Apple CEO Tim Cook has spent the past several years positioning the company as a champion of user privacy, but he’s now facing questions regarding Apple’s ongoing browser collaboration with Google — a company Cook previously called out for gathering user data “for God knows what advertising purpose.” The multi-billion-dollar Apple-Google deal was one of several major points raised in a televised interview with Axios at the company’s Apple Park campus.

Asked how Apple could accept billions of dollars from Google to make the latter’s search engine the default across iOS and macOS versions of the Safari browser, Cook suggested that Apple’s own privacy protections mitigated the potential threats:

I think their search engine is the best. Look at what we’ve done with the controls we’ve built in. We have private web browsing, we have intelligent tracker prevention. What we’ve tried to do is come up with ways to help our users through their course of the day. It’s not a perfect thing — I’d be the first person to say that — but it goes a long way to helping.

Reports have pegged the annual value of the Apple-Google deal at over a billion dollars, most recently around $3 billion per year for Apple, while generating roughly 50 percent of Google’s mobile search revenue. The deal routes virtually every search request performed through Safari — and many searches performed by Siri — through Google’s servers by default. A lightly hidden Settings option lets Safari users switch to Bing, Yahoo, or DuckDuckGo search engines instead of Google.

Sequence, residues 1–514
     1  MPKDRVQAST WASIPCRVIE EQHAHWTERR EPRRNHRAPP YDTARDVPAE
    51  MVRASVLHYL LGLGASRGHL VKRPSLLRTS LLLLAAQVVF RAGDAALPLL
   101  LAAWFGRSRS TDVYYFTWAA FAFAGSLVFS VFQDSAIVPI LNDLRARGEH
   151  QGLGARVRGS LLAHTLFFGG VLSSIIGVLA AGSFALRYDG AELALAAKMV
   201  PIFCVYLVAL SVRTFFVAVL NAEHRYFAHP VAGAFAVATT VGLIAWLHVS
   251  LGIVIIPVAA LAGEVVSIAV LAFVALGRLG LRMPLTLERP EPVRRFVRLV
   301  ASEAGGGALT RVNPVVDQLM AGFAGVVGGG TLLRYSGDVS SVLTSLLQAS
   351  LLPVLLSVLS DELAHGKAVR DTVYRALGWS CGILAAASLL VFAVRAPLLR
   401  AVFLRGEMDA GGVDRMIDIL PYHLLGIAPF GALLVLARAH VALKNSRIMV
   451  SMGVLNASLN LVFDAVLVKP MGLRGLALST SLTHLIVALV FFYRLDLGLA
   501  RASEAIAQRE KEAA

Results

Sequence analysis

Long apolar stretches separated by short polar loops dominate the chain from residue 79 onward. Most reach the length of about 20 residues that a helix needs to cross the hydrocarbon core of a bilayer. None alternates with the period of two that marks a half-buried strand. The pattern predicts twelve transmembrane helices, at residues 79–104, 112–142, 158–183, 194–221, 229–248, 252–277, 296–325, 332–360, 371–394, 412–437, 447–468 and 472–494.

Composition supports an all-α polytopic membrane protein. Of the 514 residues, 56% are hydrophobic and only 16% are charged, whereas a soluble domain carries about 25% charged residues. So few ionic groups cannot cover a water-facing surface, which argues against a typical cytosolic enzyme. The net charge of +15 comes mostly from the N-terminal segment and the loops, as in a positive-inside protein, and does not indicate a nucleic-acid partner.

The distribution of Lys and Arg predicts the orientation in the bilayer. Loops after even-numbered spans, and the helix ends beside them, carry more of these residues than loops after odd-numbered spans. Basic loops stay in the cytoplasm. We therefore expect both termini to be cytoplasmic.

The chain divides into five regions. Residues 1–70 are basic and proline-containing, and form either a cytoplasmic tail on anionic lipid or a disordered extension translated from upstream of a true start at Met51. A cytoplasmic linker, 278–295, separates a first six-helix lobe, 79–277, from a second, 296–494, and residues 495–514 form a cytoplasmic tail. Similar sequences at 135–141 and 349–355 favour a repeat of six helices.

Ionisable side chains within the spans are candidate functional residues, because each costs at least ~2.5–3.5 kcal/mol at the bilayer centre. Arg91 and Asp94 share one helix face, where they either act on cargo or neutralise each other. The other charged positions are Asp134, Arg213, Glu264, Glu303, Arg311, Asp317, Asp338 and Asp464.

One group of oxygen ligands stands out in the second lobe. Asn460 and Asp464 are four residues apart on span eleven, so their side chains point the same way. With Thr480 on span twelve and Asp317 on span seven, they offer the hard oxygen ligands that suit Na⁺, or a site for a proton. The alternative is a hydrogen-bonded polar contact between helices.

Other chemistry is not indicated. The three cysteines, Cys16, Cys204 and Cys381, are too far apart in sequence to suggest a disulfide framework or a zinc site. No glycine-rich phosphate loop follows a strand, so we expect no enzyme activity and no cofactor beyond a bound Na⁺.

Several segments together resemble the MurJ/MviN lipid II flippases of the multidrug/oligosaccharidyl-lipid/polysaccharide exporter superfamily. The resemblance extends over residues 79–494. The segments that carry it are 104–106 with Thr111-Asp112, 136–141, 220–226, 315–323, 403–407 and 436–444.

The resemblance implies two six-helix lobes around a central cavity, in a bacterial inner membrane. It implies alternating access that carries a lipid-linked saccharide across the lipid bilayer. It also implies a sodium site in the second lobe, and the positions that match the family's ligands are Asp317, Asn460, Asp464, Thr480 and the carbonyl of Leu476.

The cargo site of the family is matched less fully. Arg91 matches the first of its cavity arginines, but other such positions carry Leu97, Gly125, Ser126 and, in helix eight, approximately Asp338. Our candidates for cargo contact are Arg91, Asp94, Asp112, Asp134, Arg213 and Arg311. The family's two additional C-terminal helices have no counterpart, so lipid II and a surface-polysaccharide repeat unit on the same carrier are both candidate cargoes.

Despite the deal with Google, Cook once again described user privacy as “a core value of ours,” noting that the company’s desire to protect privacy predated the iPhone and caused Apple to avoid gathering all of the “incredible intelligence about you” stored on devices. Prior to Cook’s tenure, former Apple CEO Steve Jobs described privacy in 2010 as a matter of clearly and repeatedly telling users what was being done with their data and offering them the ability to agree — a position that was immediately contrasted with the growing social media giant Facebook, and other unnamed tech giants.

In recent months, Cook and his deputies have made numerous public statements regarding the company’s privacy stances, including calls for a clear U.S. federal privacy law similar to Europe’s recently enforced GDPR. Continuing that theme, Cook told Axios that the free market wasn’t working to protect user data and reaffirmed that he believed “some level of regulation” was “inevitable” as a consequence.

Cook separately suggested that Apple and Silicon Valley in general were working to improve gender inequities — an issue that the technology industry had previously “missed” — and said that he was optimistic “there will be a marked improvement over time.” Apple itself has made efforts to feature female leaders as speakers at its media events, though several of those women have subsequently left the company for other opportunities.

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